Even when he made mistakes, and even with people he barely knew, his good heart was apparent and he always wanted to make things right. Coach Homer talks about Brian as one of those kids who was comfortable in the front of the bus, hanging out with the coaches. Because of that, he and Brian shared some special moments, and he learned a lot about this young man from what he witnessed.
“I think it was his senior year, we were at a wrestling meet,” Homer said. He was kind of a hero of ours. Even in high school, he was just one of those kids that everybody loved and he didn’t big-time anybody. He was just incredibly humble.
“He was going to wrestle a kid one night in a dual, and he was so much better than him. His teammates were on him and asking, ‘Hey, what are you going to do to this kid?’ Somebody suggested that he do this one move called the milkshake, which is kind of a demeaning move and it basically just shows your dominance over the person. He did it and it was really easy.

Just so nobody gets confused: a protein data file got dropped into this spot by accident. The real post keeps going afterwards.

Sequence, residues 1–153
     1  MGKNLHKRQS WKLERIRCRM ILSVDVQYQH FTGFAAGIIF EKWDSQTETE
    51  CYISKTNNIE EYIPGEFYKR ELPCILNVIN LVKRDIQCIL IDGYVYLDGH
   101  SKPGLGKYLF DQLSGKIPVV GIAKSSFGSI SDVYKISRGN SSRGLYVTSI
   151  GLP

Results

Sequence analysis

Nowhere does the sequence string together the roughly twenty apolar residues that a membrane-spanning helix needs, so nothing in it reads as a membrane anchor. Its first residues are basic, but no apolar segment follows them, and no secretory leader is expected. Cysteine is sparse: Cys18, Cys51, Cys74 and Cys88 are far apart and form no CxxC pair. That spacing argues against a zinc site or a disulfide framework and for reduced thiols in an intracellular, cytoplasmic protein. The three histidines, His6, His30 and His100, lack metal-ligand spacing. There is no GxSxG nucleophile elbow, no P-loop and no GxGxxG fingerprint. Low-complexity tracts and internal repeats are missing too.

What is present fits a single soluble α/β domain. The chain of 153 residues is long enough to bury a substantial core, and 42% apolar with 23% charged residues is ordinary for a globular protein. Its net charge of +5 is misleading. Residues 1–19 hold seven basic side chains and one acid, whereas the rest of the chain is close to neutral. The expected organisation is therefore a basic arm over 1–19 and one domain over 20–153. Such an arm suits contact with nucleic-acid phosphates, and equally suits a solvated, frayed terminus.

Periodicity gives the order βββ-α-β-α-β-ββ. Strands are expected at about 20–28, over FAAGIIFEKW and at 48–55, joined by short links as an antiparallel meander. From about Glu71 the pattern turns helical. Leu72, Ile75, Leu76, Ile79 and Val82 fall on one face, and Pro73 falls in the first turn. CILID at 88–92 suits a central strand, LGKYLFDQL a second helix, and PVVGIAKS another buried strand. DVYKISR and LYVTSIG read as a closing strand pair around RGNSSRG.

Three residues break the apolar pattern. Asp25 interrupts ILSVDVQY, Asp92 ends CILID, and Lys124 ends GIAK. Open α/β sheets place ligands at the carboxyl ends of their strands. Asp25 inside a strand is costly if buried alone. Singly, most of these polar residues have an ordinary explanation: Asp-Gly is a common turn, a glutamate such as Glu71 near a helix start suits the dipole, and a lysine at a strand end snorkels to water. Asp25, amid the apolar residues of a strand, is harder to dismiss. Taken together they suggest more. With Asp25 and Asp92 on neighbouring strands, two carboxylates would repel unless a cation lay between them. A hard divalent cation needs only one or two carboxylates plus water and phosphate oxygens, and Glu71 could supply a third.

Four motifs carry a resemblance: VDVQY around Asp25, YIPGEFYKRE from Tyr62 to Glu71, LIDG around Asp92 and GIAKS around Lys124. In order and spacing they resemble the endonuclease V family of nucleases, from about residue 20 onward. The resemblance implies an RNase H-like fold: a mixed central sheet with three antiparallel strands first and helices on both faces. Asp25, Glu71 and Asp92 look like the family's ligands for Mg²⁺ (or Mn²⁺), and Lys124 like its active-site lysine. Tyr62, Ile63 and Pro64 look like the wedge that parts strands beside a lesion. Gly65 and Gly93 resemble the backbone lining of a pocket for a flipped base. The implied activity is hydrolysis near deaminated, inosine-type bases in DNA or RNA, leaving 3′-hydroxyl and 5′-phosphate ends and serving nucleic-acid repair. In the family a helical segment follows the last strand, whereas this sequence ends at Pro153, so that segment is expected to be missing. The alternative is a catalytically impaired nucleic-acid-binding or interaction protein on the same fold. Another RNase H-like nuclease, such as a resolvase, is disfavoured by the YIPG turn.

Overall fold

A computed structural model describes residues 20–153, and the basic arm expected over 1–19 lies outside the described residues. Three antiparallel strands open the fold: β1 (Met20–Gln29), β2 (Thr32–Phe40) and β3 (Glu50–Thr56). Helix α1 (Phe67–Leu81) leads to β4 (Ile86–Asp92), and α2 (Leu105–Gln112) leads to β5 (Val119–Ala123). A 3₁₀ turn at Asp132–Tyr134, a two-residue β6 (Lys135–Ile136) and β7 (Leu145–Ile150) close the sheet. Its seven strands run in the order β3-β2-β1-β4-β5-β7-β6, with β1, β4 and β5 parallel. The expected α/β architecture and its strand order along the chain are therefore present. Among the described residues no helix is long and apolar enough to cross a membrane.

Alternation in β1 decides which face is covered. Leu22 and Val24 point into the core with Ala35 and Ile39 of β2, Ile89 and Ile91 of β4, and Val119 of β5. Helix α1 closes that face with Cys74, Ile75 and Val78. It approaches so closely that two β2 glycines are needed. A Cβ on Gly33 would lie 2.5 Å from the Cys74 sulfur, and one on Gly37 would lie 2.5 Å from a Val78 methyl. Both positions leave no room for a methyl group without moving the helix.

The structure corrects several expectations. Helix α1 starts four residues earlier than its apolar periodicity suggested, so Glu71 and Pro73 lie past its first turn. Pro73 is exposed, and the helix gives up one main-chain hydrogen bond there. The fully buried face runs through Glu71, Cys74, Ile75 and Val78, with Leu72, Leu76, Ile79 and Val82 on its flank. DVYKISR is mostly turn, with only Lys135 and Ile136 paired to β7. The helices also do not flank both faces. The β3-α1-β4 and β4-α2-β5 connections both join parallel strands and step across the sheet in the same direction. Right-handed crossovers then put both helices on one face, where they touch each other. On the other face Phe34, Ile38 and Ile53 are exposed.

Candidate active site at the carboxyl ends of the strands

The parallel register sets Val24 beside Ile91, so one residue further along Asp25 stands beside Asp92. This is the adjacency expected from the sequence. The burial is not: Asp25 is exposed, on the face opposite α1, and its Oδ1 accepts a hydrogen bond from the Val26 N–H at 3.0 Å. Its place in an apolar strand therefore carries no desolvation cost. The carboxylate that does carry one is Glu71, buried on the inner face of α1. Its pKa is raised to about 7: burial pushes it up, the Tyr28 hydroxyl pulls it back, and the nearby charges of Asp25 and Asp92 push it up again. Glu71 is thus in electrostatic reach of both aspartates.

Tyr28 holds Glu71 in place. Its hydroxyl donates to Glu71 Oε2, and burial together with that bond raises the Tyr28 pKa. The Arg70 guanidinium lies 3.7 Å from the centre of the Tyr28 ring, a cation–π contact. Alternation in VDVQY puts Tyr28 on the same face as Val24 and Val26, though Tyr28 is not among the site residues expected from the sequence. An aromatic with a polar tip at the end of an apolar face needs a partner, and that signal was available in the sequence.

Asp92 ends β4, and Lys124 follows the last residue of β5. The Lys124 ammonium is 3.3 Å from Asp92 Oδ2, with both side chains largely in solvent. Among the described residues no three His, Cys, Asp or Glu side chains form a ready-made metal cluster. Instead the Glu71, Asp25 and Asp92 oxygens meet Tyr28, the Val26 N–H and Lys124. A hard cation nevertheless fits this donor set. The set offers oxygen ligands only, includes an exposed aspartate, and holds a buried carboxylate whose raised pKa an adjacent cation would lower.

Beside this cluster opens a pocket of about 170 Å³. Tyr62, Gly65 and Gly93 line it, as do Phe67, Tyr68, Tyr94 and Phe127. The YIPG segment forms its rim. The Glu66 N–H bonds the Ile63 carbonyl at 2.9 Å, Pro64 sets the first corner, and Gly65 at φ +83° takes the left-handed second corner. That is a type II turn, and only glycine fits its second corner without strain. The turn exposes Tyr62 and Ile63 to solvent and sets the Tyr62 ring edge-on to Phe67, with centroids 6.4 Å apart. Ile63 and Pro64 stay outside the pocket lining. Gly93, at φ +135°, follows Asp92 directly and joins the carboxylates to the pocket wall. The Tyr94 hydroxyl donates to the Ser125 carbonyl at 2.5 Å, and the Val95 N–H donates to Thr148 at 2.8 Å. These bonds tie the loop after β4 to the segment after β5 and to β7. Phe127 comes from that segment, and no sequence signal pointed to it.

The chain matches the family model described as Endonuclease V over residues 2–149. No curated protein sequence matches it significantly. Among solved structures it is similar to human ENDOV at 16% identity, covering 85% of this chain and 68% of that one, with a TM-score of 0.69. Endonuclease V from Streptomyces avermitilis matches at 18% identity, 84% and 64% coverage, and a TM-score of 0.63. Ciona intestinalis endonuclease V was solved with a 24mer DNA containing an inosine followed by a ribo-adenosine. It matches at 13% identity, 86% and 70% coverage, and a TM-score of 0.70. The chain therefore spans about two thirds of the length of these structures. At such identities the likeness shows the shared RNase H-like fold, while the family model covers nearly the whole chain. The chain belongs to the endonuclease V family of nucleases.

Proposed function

“I remember all of his teammates in the stands were cheering, giving high fives, slaps on the back and everything. He came over to me and he said, ‘Coach, I really wish I wouldn’t have done that. I feel horrible about doing that to that kid.’ I could tell he was mad at himself for kind of giving in to the peer pressure.
“He didn’t know this, but I watched him after the meet was over and he went and grabbed this kid and he put his arm around him. I don’t know what was said, but I believe I know what was said. He apologized to that kid. You know, he didn’t have to do that, but he did, and I think Brian Scott, the person, is summed up for me in that story.”
His brother remembers Brian for his calm demeanor that was a constant in all areas of his life.
“He was a little different (than the other siblings),” said Kenny Scott. “My wife made a comment the other day, that I had never noticed, about Brian. He was never mad. He was always just in the same mood. If something was really bothering him, you would never know because he was always the same – day in and day out. Happy, always.”